May 23, 2011 at 11:21 am |
  7. Tim

    As Bill Engvall would say, "here's your sign"....

    May 23, 2011 at 11:19 am |
  8. BJNJ

    This camping person is a nut job. It's unfortunate that many innocent people lost their hard earned money on the ravings of a lunatic. Maybe he looked up and "howled" at the moon bellowing his May 21st stupid talk. BJNJ

    May 23, 2011 at 11:17 am |
    • MsB

      I don't know about calling him a "nut", but he is a very rich "nut" thanks to all his followers!

      May 23, 2011 at 11:27 am |
    • JD

      Innocent people?? Sure, Camping is a nut, but I do not think his followers should be considered victims. Each should be held accountable for not using sound logic and choosing to follow his lead.

      May 23, 2011 at 11:31 am |
  9. tnw

    All these sheep gave away their money to this crook for eternal salvation. IDIOTS!!! Religion is the biggest fraud in the history of humanity. I guess at the very least, it lets people dress up in silly costumes when it's not Halloween and act superior to everyone around them. What a joke. These people got what they deserved. Tax these Religions and you solve our Countries financial problems.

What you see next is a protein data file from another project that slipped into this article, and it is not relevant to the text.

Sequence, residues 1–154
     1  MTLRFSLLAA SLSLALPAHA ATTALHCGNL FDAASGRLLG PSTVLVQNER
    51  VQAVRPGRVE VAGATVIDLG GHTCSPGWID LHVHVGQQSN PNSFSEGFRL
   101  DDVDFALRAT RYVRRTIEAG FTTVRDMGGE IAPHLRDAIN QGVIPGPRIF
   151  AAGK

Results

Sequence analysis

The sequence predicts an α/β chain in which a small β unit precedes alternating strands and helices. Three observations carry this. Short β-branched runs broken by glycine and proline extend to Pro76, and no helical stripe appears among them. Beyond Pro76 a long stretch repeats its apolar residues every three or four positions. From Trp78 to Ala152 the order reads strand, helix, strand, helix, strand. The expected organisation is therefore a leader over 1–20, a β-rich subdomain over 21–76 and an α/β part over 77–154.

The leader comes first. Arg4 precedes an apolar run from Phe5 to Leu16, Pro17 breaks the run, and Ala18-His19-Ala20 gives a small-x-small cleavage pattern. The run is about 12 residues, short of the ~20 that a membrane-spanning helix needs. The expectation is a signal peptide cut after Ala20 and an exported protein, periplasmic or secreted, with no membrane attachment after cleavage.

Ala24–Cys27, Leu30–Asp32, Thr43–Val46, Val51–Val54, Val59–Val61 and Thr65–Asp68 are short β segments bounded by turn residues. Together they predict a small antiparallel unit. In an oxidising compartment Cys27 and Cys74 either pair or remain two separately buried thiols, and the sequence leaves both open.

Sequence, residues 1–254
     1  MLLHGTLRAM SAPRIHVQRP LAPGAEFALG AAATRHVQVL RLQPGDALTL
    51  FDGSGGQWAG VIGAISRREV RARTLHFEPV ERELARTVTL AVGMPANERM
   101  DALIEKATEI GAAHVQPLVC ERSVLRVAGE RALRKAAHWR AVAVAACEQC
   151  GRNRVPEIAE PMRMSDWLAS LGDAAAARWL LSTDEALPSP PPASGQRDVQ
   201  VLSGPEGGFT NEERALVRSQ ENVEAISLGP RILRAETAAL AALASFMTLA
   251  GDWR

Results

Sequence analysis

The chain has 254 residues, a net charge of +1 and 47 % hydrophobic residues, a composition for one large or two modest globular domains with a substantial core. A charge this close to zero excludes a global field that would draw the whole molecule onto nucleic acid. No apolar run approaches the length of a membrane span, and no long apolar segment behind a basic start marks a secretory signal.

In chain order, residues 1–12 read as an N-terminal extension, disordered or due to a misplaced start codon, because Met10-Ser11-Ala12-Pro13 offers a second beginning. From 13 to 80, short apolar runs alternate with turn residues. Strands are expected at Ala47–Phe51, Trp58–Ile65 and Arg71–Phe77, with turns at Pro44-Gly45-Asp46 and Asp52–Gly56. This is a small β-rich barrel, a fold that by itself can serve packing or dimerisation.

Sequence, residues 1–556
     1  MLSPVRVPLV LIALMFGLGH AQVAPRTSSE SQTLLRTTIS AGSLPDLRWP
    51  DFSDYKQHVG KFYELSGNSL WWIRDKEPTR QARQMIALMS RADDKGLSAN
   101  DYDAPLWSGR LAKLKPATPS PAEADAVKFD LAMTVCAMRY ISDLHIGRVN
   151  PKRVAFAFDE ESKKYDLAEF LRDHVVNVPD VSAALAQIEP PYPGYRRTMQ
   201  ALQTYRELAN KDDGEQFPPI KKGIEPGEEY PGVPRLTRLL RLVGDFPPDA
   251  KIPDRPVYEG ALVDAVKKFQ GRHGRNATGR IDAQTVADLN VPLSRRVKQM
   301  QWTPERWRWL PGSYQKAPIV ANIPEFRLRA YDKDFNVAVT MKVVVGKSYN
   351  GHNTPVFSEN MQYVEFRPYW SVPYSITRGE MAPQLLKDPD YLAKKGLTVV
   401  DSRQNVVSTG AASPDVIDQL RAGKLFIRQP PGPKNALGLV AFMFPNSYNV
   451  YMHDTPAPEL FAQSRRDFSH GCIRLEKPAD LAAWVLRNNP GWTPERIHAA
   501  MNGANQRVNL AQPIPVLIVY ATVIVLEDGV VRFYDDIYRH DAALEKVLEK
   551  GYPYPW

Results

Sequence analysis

May 23, 2011 at 11:17 am |
    • Really?

      tnw, the Bible describes the true religion, that the people would have love among them, Jesus did not tach to be high and might and if you think that is the relegion God approves, then you are wrong.
      Jesus said, you receive free, you give free, which religion does that?
      Jesus said to be a part of his kingdom you cannot be a part of this world.
      I know of only one religion that follows the Bible.

      May 23, 2011 at 11:24 am |
    • truth

      Hello
      One thing that God knew about us is our inherently evil and wicked nature. It seems as if mankind is getting worse not better. We've made some technological advances but people as a whole have not improved. Do you see any improvement?